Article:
The respondent appellate court, in its resolution dated June 26, 1981, denied petitioner's motion for reconsideration, the court finding it unnecessary to repeat the discussion of the arguments which it had already considered and only entertained the argument regarding the competency of the respondent as the new guardian. On this point, respondent Court ruled: 

"The order of March 11, 1981 appointing respondent Francisco as guardian was never assailed in the petition in this case. As already stated, this case concerns the validity only of the orders of January 27, 1981 and March 4, 1981 which required petitioner to recommend his own replacement, otherwise the court would appoint a new guardian. It does not appear that petitioner objected to the appointment of respondent Francisco on the ground now invoked, namely, that Francisco is in fact older than petitioner. Nor does it appear that petitioner filed a motion for reconsideration of the order of March 11, 1981, calling attention to the fact that respondent Francisco is older than petitioner. In short, the point now raised does not appear to have been urged in the lower court so that the latter could have rectified the error, if it was error at all. For this reason, it is not proper ground for certiorari before this Court, much less for a motion for reconsideration. 

"WHEREFORE, the motion for reconsideration is DENIED for lack of merit. 

"SO ORDERED."[10]

In the petition at bar, petitioner contends that (a) The Honorable Court of Appeals has committed grave abuse of discretion in holding that the removal of petitioner as guardian of the ward Estefania San Pedro on the ground of old age is a good ground for the execution of the decision pending appeal; and (b) The Honorable Court of Appeals committed grave misapprehension and misinterpretation of facts when it declared that petitioner did not question the appointment of private respondent as guardian in his stead on the ground that the latter is older than the former by five (5) years.

A guardianship is a trust relation of the most sacred character, in which one person, called a "guardian" acts for another called the "ward" whom the law regards as incapable of managing his own affairs.[11]  A guardianship is designed to further the ward's well-being, not that of the guardian. It is intended to preserve the ward's property, as well as to render any assistance that the ward may personally require. It has been stated that while custody involves immediate care and control, guardianship indicates not only those responsibilities, but those of one in loco parentis as well.[12]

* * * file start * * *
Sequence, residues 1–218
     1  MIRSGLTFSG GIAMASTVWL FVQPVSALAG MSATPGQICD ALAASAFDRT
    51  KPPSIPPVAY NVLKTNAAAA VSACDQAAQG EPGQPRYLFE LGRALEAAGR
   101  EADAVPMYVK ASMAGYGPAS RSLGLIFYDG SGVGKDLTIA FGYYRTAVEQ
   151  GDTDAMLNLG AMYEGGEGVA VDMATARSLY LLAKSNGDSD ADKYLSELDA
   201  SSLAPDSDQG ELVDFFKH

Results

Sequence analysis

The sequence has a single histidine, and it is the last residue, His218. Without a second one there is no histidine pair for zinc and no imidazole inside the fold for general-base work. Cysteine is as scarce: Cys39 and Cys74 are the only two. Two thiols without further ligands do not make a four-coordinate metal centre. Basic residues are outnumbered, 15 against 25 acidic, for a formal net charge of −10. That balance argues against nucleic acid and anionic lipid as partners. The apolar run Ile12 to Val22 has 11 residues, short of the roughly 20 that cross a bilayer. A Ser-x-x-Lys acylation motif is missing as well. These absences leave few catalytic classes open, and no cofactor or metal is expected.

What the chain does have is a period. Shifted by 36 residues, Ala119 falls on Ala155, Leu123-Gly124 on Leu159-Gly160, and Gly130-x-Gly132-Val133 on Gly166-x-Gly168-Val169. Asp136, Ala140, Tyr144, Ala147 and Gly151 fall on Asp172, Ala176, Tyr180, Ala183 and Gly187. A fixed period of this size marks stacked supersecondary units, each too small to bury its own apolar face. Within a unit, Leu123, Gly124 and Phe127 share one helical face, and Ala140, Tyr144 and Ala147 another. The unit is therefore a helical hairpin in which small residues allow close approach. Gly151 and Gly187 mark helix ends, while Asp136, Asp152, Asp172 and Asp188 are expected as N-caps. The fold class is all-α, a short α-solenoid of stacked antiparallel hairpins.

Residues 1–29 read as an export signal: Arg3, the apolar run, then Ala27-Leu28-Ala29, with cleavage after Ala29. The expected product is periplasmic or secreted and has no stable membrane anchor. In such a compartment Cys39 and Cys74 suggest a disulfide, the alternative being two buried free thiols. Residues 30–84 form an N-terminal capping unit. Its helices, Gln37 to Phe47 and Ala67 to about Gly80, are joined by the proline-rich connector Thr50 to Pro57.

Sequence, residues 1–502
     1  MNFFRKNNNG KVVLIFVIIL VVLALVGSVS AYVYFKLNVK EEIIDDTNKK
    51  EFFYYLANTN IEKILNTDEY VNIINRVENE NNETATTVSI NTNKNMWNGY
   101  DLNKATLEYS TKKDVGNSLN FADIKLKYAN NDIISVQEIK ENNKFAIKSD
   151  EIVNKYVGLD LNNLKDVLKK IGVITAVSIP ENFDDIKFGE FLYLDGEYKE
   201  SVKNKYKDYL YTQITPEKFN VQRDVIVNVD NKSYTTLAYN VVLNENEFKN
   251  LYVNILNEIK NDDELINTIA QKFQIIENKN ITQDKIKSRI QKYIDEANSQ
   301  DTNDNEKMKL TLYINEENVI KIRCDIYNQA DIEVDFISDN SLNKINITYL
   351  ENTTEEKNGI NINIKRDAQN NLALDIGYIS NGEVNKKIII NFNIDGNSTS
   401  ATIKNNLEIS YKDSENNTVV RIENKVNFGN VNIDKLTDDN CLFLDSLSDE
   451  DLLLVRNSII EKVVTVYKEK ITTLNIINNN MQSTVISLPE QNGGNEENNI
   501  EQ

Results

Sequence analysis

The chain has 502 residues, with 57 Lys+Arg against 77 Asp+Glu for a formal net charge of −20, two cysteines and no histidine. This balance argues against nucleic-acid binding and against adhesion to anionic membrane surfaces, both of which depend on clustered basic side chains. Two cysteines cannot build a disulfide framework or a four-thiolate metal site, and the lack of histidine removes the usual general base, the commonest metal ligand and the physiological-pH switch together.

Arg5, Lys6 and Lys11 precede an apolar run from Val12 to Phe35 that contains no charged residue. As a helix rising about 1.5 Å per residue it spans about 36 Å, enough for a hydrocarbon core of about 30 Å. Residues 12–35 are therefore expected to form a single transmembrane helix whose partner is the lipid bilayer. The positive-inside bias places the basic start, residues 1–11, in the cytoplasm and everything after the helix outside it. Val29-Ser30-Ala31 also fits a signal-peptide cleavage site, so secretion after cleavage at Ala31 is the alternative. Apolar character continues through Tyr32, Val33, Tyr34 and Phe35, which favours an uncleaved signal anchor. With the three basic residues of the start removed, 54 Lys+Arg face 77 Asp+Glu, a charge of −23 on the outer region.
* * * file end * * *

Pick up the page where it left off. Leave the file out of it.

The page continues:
Having in mind that guardianship proceeding is instituted for the benefit and welfare of the ward, the selection of a guardian must, therefore, suit this very purpose. Thus, in determining the selection of a guardian, the court may consider the financial situation, the physical condition, the sound judgment, prudence and trustworthiness, the morals, character and conduct, and the present and past history of a prospective appointee, as well as the probability of his being able to exercise the powers and duties of guardian for the full period during which guardianship will be necessary.[13]

A guardian is or becomes incompetent to serve the trust if he is so disqualified by mental incapacity, conviction of crime, moral delinquency or physical disability as to be prevented from properly discharging the duties of his office.[14]  A guardian, once appointed may be removed in case he becomes insane or otherwise incapable of discharging his trust or unsuitable therefor, or has wasted or mismanaged the estate, or failed for thirty (30) days after it is due to render an account or make a return.[15]

We agree with the trial court and the appellate court that there is need far petitioner Feliciano Francisco to be retired from the guardianship over the person and property of incompetent Estefania San Pedro. The conclusion reached by the trial court about the "rather advanced age" of petitioner at 72 years old (petitioner is now 76 years old) finding him unfit to continue the trust cannot be disturbed. As correctly pointed out by the appellate court, this finds direct support in the delay of the accounting and inventory made by petitioner. To sustain petitioner as guardian would, therefore, be detrimental to the ward. While age alone is not a controlling criterion in determining a person's fitness or qualification to be appointed or be retained as guardian, it may be a factor for consi­deration.[16]